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The conveyance of an estate without proper consideration of value.

Voluntary Conveyance


The conveyance of an estate without proper consideration of value.

Whenever a voluntary conveyance is made, a presumption of fraud arises under the statute of 27th Eliz., which presumption may be repelled by demonstrating that the transaction on which the conveyance was founded, virtually contained some conventional stipulations, some compromise of interests or reciprocity of benefits, that point out an object and motive beyond the indulgence of affection or claims of kindred, and not reconcilable with the supposition of intent to deceive.

However, unless so resisted, such a transfer, along with a subsequent sale agreement, is solid proof of statutory fraud. There is a difference between prior and subsequent creditors; such a transaction is unlawful as to the former but not the latter. And a transfer by a parent who, although in debt, is not in embarrassment, provides a suitable provision for a kid, and leaves property sufficient to cover his obligations, is not fraudulent in and of itself. By statute of 3 Henry VII, all deeds of gifts of goods and chattels in trust for the donor were declared void; and by statute of 13 Eliz., gifts of goods and chattels, as well as lands, made with intent to delay, hinder, and defraud creditors, were declared void as against the person to whom such frauds would be prejudicial.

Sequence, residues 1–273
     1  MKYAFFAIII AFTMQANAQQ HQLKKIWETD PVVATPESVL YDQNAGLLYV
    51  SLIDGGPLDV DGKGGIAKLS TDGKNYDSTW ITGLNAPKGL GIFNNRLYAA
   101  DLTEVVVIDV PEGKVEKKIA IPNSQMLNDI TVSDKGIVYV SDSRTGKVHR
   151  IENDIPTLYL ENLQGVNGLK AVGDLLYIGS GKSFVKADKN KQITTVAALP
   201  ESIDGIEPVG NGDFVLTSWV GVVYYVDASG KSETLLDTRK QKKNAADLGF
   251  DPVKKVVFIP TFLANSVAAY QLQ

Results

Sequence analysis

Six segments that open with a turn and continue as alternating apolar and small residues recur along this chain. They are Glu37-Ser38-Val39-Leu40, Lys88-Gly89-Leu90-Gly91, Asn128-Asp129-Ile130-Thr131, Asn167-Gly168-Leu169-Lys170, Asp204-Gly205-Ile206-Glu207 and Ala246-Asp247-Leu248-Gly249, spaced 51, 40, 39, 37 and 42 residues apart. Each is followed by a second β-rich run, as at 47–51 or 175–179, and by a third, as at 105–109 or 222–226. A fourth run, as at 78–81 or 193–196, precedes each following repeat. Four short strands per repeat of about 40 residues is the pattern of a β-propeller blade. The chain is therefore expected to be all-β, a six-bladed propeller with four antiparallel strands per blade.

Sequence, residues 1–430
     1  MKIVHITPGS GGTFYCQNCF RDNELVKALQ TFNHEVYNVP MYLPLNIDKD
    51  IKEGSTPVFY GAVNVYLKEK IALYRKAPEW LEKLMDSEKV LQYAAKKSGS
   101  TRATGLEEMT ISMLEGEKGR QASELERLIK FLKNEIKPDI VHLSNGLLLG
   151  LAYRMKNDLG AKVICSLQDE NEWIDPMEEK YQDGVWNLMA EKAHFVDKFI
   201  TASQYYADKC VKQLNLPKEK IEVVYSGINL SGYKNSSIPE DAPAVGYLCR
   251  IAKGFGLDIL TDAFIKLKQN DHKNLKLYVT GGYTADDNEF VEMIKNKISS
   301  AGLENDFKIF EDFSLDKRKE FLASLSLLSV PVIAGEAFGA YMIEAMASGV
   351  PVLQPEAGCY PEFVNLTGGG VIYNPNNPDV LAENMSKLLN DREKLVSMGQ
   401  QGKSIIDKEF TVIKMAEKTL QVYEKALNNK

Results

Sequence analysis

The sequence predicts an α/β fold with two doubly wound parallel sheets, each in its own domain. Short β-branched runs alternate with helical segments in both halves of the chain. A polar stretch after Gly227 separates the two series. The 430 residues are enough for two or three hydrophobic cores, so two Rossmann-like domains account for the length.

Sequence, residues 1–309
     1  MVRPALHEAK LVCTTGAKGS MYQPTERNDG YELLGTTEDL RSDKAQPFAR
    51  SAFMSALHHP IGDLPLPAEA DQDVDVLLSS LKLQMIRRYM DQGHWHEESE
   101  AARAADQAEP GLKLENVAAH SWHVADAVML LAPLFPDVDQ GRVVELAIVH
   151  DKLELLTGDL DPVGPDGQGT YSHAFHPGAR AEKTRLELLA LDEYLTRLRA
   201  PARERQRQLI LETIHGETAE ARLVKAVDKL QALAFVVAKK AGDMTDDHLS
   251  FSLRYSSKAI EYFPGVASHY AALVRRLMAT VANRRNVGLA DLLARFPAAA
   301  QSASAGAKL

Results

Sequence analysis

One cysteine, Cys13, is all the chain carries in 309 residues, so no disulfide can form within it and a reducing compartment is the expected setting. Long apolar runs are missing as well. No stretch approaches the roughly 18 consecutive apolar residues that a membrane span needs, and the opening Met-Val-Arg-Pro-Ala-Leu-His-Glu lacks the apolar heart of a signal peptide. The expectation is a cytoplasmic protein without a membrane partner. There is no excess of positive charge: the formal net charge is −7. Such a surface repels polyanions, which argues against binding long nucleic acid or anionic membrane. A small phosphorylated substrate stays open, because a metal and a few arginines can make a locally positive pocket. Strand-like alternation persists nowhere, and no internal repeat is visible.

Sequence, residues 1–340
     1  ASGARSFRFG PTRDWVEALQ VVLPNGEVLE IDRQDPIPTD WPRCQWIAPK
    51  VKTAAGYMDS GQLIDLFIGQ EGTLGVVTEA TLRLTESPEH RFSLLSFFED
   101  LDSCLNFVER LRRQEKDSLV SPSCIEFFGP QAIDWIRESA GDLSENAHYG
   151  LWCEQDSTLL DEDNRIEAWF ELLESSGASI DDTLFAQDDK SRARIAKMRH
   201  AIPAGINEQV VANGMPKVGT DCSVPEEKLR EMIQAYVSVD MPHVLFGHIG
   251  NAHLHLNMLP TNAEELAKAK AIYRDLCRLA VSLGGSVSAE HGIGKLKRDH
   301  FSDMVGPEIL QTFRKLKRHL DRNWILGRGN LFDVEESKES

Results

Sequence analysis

The concepts of these acts, which were borrowed from civil law but may not have been significantly reenacted, are followed across the United States.

Transfers of Property Between Parties

In general, such conveyances are good between the parties. And once executed and delivered, it cannot be recalled; even if an unmarried man executes a voluntary trust deed for the benefit of future children, he cannot relieve himself from a provision in the conveyance to the trustee under which the income of the trust property is to be paid to him at the discretion of a third person.